Thursday, December 31, 2009

A Decade of Great Destinations

This morning I took a whirlwind tour of the places I've traveled over the past 10 years, from January 1999 to December 2009. The statistics were interesting (to me, at least): 43 major trips, not counting numerous visits to my parents' in Maine or the many weekends spent at "the cabin" in Maine. These were all trips that required packing a suitcase and ranged from 2 nights to three weeks in length. Most also required flying for at least part of the trip, but trains, boats, buses, cars, and even my own two feet were involved as well.

Nearly 1/3 (16) were connected in some way to my work; 14 were with family; 10 were with, or on te way to being with, friends; and 4 were entirely by myself and for myself. Most of my US trips took place within New England (14 out of 31), 7 were to New York (5 of those to New York City), 4 to Maryland, 3 to Tennessee, and 10 to other states. Connecticut was the only New England state I didn't do more than drive through on my way to New York.

Six were out-of-country trips giving me entry into 6 new-to-me countries and one old friend that I visited twice (France).

I'd be hard-pressed to pick a favorite trip, but I do have some stand-out moments (in no particular order):
  • Flying over New York City less than a month after September 11 and seeing the gaping hole in the skyline for the first time.
  • Spending Bastille Day in Aix-en-Provence, France
  • Traversing southern Norway with my family for two weeks
  • Worshipping in a straw church on one of the floating islands on Lake Titicaca, Peru
  • Exploring Greece, Ephesus, and Istanbul New England Youth Ensemble style (the day in Istanbul with my sister Lauren and 11 15-20 year olds was nothing less than amazing)
  • Enjoying a fantastic day at Celia Thaxter's Garden off the coast of Portsmouth, NH with my mother and two sisters
  • Going "back in time" into the jungle in Mexico
  • Learning with strangers-become-friends at four writing workshop/retreats
  • Relaxing on a ship (the largest cruise ship in the world) for a week
  • Wandering Paris for 5 days (and being able to get where and what I needed with no trouble!)
If the next ten years bring me this much travel or more, I won't complain (as long as the airlines don't go crazy with all the new safety regulations!).

Tuesday, December 29, 2009

Resolved (more or less)

I'm counting down the hours to the new year and new decade with a few top ten lists. In the process, I'm also writing my 500th blog entry. When I started this blog in 2006, I had no idea where I'd go with it. I didn't even want to go public at first. As the days and months passed, though, I got hooked...on blogging, reading blogs, "meeting" wonderful blogger friends, and traveling vicariously through their words and pictures. I've reconnected with high school classmates through their blogs, made new friends all over the world, learned a lot, laughed and cried a lot, and have been inspired over and over.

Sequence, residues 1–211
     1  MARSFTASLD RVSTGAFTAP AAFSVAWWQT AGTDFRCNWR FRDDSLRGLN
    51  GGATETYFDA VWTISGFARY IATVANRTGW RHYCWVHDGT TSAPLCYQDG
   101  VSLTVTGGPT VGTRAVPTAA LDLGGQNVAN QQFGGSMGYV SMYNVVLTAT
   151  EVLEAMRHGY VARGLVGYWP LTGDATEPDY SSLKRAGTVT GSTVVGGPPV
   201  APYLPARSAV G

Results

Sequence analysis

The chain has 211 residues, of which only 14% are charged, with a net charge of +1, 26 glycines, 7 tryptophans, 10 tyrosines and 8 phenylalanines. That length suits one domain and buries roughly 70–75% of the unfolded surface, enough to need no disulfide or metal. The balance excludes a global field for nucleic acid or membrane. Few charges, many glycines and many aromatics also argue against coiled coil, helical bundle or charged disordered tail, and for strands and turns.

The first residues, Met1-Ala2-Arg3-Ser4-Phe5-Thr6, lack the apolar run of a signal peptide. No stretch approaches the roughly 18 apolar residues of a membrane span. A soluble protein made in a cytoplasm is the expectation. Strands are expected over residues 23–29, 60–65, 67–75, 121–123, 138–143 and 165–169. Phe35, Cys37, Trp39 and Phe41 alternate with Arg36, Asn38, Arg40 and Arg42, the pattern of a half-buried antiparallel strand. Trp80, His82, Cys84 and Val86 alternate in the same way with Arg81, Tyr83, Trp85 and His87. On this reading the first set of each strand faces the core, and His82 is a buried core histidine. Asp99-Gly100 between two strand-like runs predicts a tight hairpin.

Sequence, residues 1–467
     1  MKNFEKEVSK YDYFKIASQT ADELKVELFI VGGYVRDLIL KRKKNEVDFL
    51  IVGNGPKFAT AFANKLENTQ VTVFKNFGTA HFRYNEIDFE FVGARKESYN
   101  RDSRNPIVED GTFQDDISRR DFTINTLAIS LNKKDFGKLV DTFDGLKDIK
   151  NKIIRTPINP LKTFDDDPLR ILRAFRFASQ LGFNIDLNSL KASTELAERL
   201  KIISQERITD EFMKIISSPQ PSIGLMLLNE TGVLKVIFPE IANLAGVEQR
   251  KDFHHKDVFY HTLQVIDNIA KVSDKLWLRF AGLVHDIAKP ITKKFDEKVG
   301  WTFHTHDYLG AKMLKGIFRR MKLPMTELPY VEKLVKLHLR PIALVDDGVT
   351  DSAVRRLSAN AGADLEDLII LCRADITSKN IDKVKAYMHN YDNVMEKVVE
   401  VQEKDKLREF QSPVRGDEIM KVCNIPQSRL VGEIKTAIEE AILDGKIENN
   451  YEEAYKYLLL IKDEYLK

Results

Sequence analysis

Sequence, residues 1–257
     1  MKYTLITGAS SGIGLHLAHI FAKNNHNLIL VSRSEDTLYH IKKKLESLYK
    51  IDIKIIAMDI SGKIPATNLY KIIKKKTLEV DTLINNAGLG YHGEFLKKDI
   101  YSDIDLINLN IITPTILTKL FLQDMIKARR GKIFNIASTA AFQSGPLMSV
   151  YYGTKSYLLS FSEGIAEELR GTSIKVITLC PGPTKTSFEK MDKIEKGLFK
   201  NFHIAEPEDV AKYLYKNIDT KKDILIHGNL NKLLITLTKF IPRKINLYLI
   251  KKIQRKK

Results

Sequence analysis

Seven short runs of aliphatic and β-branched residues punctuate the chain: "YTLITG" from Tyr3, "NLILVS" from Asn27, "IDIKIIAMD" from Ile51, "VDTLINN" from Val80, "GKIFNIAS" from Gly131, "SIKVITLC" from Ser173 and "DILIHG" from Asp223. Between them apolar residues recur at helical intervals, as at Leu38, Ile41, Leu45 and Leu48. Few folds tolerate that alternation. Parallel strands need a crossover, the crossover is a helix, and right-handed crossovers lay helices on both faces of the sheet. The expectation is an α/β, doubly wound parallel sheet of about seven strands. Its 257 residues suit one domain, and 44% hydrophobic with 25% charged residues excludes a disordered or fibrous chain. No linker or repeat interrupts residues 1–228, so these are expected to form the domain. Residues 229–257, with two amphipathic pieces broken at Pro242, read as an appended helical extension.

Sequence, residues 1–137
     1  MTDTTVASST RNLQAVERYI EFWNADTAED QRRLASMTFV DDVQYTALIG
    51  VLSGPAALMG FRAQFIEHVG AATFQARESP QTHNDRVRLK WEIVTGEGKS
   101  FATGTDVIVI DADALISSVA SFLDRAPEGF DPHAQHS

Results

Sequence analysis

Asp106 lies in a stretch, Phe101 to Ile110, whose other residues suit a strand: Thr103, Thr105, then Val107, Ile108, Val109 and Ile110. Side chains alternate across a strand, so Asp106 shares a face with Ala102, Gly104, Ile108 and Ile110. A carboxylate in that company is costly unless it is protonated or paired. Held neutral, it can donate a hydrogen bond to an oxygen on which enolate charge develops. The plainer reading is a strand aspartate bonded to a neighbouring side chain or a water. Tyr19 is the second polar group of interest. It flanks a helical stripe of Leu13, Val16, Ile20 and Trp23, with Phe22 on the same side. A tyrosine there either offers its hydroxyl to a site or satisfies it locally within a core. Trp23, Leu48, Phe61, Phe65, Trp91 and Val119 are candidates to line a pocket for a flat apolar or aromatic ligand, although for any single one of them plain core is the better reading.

One of my New Year's resolutions (one that's on my list annually) is to write more. Last January, I wrote on the blog every day and then let "life" take over. This year I'm determined to do more than less of everything on my list. I keep it short, because it's easier to focus on a few things. Still, it's not easy, no matter how determined I am in the days leading up to the launch day of "The List." Doesn't keep me from trying once again, though =)

So: Resolved to write more, watch TV less; exercise more, eat less; pray more, procrastinate less. There it is, more or less. ;)

Village Treats

My dad has been wanting to take me to his favorite antiquarian book store for a few years, now and Sunday, we finally made it. I have to say it was worth the trip. Surprisingly, it's located in the little Maine village my parents live in, and we've gone by it any number of times but have never stopped in (they have, of course). When you walk in, the smell, that wonderful musty smell of old books, all but overwhelms you. There's a shop cat, who was hiding, and oversized arm chairs in corners for the browsing that inevitably goes on.

As is the case with any book store for me, there were scores of books I wanted to get. I walked around with several while looking at the offerings on other shelves. Some I kept, some I ended up putting back. One, I held on to, even though it was $25 and I didn't really want to spend that much on a single book. There was a whole set of Jane Austen's books reduced from $450 to $200 because the bindings weren't so great. And he had two others for $70 apiece, but I couldn't bring myself to get them either, just so I could say I had some "old Jane Austen" books.

When we finally made our way to the cash register, I went to pay for my books first. My dad was insistent, though, that he pay for them. We went back and forth, me not wanting him to buy the $25 book for me, but he was firm, so I finally relented. The guy (owner) stacked our books up and said "How about $40?" We three gulped, for there was more than $40's worth of books there. My dad said "I can't cheat you like that." But now the guy was insistent. So, we walked out of there feeling very good about our purchase!

Next stop was my favorite primitive/folk craft shop, The Blue Door, also in the village of Alfred, ME. This time, the tables were turned on my dad, as he had never been here, whereas my mom and I go fairly often when I'm visiting. The owner makes quite a bit of her inventory, which is impressive all by itself. But you can also find genuine articles as well, making it an interesting visit, whether you purchase anything or not. That day, I bought belated Christmas presents for friends =)

I love little independent shops like this. There is one in Bolton, MA (where our family lived for more than 30 years before my parents moved to ME) nicknamed "The Salt Box" because it is a saltbox building. I used to say I could never see everything in it, no matter if I were to go in it every single day of the week. It was so crammed full of crafty and antiquey delights. These days, it's a little less crowded on the shelves, perhaps indicative of the economy. Still, a lot of fun to window shop in, if nothing else.

Saturday, December 26, 2009

Midnight Clear

Tuesday, for my last American Literature class of 2009,
I told the students the story of one of the oldest
American Christmas carols, It Came Upon a Midnight